Joined: 05 Mar 2006
Posts: 5484
Location: New England (In the US of A)
PostPosted: Tue Jun 28, 16 12:42 pm    Post subject: Reply with quote    

vegplot wrote:
Someone with a better understanding than I have will confirm or otherwise but I'm pretty sure pathogens aren't absorbed by plants. After all this time it shouldn't be a problem anyway and I doubt there'd be much left of the cat unless it was in anaerobic soil.


Pathogenic bacteria actually can make it inside plants from their root systems (somewhat recent knowledge, look up food poisoning from spinach in the U.S.).

But what pathogenic bacteria would you expect to get from a cat's corpse? Probably not much after a year or so.

As for moving the remains, I'm not sure you'll find any after 10 years. In a damp clay you may still find something, but in a good garden soil there's a good chance that there's not much left. Maybe the thicker bones.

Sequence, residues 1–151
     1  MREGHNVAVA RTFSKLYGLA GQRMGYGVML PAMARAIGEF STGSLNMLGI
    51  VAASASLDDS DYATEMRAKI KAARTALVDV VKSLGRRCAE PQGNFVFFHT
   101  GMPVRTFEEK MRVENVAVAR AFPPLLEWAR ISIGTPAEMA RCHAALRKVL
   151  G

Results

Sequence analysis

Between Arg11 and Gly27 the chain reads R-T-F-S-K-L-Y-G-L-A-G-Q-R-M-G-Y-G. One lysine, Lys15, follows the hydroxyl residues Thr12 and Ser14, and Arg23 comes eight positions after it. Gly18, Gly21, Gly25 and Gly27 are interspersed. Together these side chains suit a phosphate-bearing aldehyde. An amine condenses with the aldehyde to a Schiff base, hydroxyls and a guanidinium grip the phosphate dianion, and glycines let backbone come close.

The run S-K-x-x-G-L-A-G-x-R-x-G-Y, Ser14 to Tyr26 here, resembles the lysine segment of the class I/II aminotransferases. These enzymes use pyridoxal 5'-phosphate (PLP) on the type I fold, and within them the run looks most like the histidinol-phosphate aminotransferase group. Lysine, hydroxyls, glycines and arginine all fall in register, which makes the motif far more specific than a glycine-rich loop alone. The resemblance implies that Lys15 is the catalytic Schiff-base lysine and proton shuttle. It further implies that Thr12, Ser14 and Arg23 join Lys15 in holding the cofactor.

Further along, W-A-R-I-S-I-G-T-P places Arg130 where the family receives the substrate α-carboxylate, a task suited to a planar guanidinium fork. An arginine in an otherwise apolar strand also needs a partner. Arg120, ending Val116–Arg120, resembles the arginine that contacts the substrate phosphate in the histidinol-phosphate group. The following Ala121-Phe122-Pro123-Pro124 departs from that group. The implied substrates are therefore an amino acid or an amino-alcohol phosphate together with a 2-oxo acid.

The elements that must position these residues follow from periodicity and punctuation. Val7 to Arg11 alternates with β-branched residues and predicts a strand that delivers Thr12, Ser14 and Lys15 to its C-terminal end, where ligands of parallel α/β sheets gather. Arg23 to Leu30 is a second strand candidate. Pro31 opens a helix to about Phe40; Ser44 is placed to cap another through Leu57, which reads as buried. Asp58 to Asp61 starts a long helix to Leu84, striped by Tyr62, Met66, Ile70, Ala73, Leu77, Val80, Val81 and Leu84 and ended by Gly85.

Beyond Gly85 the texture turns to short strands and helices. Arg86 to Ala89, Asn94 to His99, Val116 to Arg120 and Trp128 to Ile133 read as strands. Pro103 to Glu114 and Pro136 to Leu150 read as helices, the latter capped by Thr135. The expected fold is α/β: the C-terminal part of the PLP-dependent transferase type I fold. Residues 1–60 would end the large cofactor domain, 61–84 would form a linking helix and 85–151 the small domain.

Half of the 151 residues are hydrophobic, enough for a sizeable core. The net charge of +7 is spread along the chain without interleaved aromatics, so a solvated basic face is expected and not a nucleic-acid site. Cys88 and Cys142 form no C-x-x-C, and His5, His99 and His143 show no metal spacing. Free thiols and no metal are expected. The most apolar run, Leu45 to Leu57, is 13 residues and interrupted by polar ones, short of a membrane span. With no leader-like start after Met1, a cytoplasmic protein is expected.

I'd leave the bones as a good source of calcium and phosphorous, but can understand the need to get rid of the mental association. Probably won't find much to move however

dpack



Joined: 02 Jul 2005
Posts: 35936
Location: yes
PostPosted: Tue Jun 28, 16 12:48 pm    Post subject: Reply with quote    

a fruit bush seems a good way to avoid any chance of meeting puss every time you cultivate.

my border is a charnel house of ex guinea pigs and im ok about the odd bone showing up now and again .nice soil though.

as to risk unless it popped of from anthrax or similar it seems unlikely there would be any issues and as mentioned tis probable puss is now soil.

candyknitter



Joined: 02 Dec 2011
Posts: 14

PostPosted: Tue Jun 28, 16 1:32 pm    Post subject: Reply with quote    

dpack wrote:
a fruit bush seems a good way to avoid any chance of meeting puss every time you cultivate.


OMG! You had me laughing and horrified at the same time!

I know that they stuck a paving slab on top of him because a fox tried to dig him up the first night, so if I can dig deep enough for fruit bushes without hitting the slab then I will do that.

Thanks for the replies

vegplot



Joined: 19 Apr 2007
Posts: 21298